What are alternative investments?
They are investment instruments, for which the concept of risk and returns are significantly different from the risk and returns of the equity and bond markets. The main “markers” of alternative investments: relatively low liquidity, complexity in estimating the “fair” price and yield, high cost of due diligence and analysis.
What are the main types of alternative investments?
Main types of alternative investments include real property, private equity (direct private funding), commodities (goods), hedge funds, manages futures, and distressed securities (instruments of troubled securities). Please note, that this is a broad description or alternative investments; for example, one could say that another alternative investment would be an investment into pieces of art.
Some types are well known, while others look more complicated…
Real estate is the most famous and traditional type of alternative investment. Investments are made either directly in commercial and residential real estate, or in real estate funds, such as Real Estate Investment Trusts (REITs), which are more or less liquid. Professor Jack Francis from Baruch College and Professor Roger Ibbotson of Yale figures show the latest generations: from 1978 to 2004 residential real estate brought an average return of 8.6% per annum, commercial real estate – 9.5%. At the same time, investments in stocks provided a yield of 13.4% per annum. That is, the average annual returns of real estate during this period are lower, but due to the low correlation with the stock market, investments into real estate reduce investment portfolio risk.
Private equity is the second type of traditional alternative investment. It involves the ownership of shares in private (as opposed to public) companies. From the investment banking point of view, the term “private equity” applies when capital is raised through a private placement offered to a group of accredited investors, as opposed to a public offering when shares are offered to the general public. Typically, investments in private equity are sold via special funds; databases of such funds are sold via the internet by specialized companies. Venture funds and leverage buyout funds are the two most famous private equity sectors. Venture funds invest in high risk projects, such as new ideas, projects that require financing for launching either production or sale of product. Leverage buyout funds invest in public companies by buying shares from the market and making the companies private. More often than not, there are changes in management, restructuring, strategic decisions made in regards to development. The company becomes more efficient and is valued higher than that at which the fund had bought it. It is worth mentioning that such a seemingly unusual private equity sector as leverage buyout has 2 to 3 times more assets under management (depending on the time of calculation) than venture capital. The majority of private equity investors are institutional investors: pension funds, charities, etc. Historically, returns on private equity in the U.S., for example, greatly varies and is dependent on the time interval calculation. For example, in the mid-2000s, the average annual returns on venture capital funds was 16.5% when calculating data for 20 years, and 26.5% when calculating data 10 years. Venture capital funds returns exceed those of the S&P Index when estimated for the same periods, which, is not the case if comparing returns on venture capital funds and S&P Index companies at intervals of 3 and 5 years.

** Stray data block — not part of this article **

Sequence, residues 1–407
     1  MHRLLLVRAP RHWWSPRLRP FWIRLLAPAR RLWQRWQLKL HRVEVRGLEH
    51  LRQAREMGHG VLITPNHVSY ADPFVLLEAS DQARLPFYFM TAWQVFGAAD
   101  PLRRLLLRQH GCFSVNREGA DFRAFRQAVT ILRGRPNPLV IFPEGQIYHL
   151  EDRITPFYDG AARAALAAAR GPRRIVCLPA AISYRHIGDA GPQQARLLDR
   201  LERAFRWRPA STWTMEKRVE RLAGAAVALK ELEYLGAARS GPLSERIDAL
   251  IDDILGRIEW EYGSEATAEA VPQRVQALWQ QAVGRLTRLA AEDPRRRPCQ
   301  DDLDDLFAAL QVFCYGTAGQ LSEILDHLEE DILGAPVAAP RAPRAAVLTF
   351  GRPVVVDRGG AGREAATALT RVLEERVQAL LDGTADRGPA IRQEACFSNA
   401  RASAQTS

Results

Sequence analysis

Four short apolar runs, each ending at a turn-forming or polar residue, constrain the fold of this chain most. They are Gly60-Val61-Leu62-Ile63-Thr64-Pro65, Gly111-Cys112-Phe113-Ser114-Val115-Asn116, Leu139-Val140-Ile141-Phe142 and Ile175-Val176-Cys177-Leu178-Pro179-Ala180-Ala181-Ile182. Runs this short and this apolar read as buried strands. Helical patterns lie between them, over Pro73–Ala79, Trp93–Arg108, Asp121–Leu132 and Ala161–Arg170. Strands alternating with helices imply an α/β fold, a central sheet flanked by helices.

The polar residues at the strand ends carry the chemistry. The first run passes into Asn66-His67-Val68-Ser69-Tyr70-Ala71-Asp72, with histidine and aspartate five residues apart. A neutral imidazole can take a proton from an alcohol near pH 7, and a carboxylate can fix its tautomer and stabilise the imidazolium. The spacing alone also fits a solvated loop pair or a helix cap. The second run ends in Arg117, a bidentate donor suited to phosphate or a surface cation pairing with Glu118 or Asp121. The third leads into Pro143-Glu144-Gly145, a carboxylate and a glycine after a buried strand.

Commodities or, goods, are the third traditional category of alternative investments. We have touched on this subject before. The fact that goods are sold on this market, is clear. The question is: what kinds of goods are being sold and how? There are three basic types of goods: key agricultural products like corn and wheat; metals like steel and aluminum; and energy products, like oil and gas. The main trade in goods takes place on exchanges. In the 20th century, commodity prices fell. At first glance, if prices have declined for 100 years, why invest in a commodity market? Since 1998, the prices of goods on average have more than doubled. With the appearance of institutional investors the commodities market changed, as was the case with the foreign exchange market. For example, during the 1970’s, the foreign exchange market was used for export and import operations. Today, after banks and other institutional investors have penetrated the market, export- import operations do not exceed 2% of the turnover of the foreign exchange market. Investments in commodities are carried out mainly in the form of futures contracts. Computations for 1990-2004 show that average return on the commodity market, as measured by the GSCI Index was 7.08%, the S&P Index was 10.94%. Then why do investors include commodities in their portfolios? Commodities reduce portfolio risk as the yield of the commodity market weakly correlates with the yields of stocks and bonds. The best time to invest in commodities is during the last stages of economic recovery, when inflation is gaining momentum. During this time, bond yields, for example will fall as inflation will “eat” earnings. The same applies to stock. In addition, to reduce inflation, the government will increase interest rates, which will limit the growth of market shares and bonds, but not commodities.